Vulvar cancer begins in the tissues of the vulva, the external part of the female genitalia, including labia majora and minora (inner and outer lips, or skin folds), clitoris and vaginal opening. Vulvar cancer most often affects the vaginal lips (the edges of the labia). Cancer is diagnosed when healthy cells mutate (abnormally change) and form a mass. Precancerous cells typically develop first on the vulva. At this stage, it’s known as vulvar intraepithelial neoplasia, more commonly referred to as dysplasia. While many vulvar dysplasias do not become cancerous, some do. If a woman has vulvar dysplasia, she should treat it as soon as it is discovered, to reduce the chances of the disease worsening and spreading. A patient with a persistent lesion on the vulva should be seen by gynecologist or dermatologist.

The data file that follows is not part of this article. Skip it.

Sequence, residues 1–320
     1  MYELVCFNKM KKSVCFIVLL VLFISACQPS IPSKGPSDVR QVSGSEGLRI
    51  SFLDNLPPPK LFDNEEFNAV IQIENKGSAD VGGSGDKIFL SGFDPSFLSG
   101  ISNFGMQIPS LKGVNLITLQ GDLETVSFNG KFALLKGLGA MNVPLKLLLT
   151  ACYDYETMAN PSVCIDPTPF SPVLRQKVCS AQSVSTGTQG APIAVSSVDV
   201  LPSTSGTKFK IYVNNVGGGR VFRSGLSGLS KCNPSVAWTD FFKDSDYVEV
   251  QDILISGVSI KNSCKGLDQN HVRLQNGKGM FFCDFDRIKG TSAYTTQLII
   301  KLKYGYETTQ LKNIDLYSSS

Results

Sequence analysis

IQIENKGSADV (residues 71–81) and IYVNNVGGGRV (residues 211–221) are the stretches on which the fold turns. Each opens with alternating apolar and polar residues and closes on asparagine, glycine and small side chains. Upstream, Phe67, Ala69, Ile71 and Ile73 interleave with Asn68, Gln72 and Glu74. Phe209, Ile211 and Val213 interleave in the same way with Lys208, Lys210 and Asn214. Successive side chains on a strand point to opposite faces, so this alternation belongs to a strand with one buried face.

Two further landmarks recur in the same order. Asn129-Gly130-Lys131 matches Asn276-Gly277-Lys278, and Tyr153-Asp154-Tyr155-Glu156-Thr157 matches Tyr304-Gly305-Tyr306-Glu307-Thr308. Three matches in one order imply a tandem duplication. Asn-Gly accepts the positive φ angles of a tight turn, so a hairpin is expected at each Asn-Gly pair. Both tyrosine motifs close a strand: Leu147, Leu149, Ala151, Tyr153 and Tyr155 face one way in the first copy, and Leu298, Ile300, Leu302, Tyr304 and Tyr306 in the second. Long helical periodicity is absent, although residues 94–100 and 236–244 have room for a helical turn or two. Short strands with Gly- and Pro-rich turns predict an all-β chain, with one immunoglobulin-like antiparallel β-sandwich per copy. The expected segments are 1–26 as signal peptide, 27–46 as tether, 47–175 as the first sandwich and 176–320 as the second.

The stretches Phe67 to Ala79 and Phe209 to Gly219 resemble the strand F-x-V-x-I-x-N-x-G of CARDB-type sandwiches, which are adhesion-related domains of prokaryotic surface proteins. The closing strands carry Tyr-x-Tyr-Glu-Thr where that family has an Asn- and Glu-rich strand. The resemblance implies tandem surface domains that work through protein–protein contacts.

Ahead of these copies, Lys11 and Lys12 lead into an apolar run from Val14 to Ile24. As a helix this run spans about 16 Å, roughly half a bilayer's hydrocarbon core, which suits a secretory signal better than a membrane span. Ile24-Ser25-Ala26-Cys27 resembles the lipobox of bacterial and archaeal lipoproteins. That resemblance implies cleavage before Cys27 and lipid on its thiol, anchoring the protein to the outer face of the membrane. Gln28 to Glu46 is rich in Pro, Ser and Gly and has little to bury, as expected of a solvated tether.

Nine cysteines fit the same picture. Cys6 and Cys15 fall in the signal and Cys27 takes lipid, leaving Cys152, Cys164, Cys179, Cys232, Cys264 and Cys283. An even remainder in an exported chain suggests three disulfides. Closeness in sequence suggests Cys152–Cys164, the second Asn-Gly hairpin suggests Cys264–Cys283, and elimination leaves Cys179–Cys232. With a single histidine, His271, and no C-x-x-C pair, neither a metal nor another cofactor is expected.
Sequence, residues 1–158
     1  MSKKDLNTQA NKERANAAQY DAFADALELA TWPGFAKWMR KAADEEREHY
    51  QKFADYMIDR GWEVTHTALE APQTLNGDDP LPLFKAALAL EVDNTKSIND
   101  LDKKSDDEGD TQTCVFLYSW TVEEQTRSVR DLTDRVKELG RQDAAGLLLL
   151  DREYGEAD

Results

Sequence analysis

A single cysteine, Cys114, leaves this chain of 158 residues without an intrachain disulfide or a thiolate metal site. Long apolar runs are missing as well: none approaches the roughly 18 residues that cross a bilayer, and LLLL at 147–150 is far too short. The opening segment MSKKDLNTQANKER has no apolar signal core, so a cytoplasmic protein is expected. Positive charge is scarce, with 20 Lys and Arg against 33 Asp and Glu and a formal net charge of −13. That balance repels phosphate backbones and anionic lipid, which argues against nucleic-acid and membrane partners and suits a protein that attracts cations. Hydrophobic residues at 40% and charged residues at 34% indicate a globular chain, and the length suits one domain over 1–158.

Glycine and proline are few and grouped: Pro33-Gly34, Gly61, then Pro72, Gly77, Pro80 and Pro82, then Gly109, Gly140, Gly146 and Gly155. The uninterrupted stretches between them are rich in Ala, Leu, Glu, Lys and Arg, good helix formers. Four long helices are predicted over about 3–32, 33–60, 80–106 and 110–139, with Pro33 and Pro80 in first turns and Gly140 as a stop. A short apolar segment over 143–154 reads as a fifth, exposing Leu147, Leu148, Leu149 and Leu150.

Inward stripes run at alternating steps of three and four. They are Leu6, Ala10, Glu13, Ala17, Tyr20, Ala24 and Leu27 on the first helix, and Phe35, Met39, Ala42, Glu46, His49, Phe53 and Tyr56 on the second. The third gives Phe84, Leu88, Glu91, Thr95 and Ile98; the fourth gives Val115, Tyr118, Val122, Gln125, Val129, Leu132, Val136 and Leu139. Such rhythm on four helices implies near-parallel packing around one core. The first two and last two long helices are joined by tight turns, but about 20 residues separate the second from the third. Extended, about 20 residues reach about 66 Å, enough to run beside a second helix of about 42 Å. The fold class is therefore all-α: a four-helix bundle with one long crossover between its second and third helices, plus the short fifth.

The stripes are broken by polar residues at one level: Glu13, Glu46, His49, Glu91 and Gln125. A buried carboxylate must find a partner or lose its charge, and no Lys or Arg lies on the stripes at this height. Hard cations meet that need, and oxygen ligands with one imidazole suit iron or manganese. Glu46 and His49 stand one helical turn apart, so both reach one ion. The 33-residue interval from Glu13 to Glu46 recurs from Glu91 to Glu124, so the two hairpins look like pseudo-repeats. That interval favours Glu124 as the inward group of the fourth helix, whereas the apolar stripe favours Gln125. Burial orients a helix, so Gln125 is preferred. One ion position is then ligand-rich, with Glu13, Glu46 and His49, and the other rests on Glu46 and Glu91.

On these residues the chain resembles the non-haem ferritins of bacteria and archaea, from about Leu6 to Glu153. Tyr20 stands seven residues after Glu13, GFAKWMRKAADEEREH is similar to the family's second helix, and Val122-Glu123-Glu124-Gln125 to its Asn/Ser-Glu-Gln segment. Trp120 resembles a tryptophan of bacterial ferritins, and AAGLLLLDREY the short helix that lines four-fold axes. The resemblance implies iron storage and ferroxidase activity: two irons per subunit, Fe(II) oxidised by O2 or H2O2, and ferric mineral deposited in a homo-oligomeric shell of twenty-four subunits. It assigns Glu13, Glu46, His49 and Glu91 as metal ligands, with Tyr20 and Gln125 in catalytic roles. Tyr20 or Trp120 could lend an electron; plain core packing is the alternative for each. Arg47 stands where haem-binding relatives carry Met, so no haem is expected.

Vulvar cancer is relatively rare. The American Cancer Society estimates that more than 6,120 women in the United States will be diagnosed with this form of cancer in 2020.
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